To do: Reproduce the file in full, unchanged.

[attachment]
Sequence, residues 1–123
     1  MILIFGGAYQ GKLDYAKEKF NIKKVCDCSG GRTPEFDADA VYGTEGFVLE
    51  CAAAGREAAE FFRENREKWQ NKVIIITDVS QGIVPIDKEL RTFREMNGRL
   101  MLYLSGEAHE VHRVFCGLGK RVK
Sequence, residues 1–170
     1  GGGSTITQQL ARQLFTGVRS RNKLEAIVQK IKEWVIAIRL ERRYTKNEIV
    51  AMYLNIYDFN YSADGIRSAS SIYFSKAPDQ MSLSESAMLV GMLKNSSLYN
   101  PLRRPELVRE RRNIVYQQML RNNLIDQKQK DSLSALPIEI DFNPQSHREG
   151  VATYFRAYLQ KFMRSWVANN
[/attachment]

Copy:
Sequence, residues 1–123
     1  MILIFGGAYQ GKLDYAKEKF NIKKVCDCSG GRTPEFDADA VYGTEGFVLE
    51  CAAAGREAAE FFRENREKWQ NKVIIITDVS QGIVPIDKEL RTFREMNGRL
   101  MLYLSGEAHE VHRVFCGLGK RVK
Sequence, residues 1–170
     1  GGGSTITQQL ARQLFTGVRS RNKLEAIVQK IKEWVIAIRL ERRYTKNEIV
    51  AMYLNIYDFN YSADGIRSAS SIYFSKAPDQ MSLSESAMLV GMLKNSSLYN
   101  PLRRPELVRE RRNIVYQQML RNNLIDQKQK DSLSALPIEI DFNPQSHREG
   151  VATYFRAYLQ KFMRSWVANN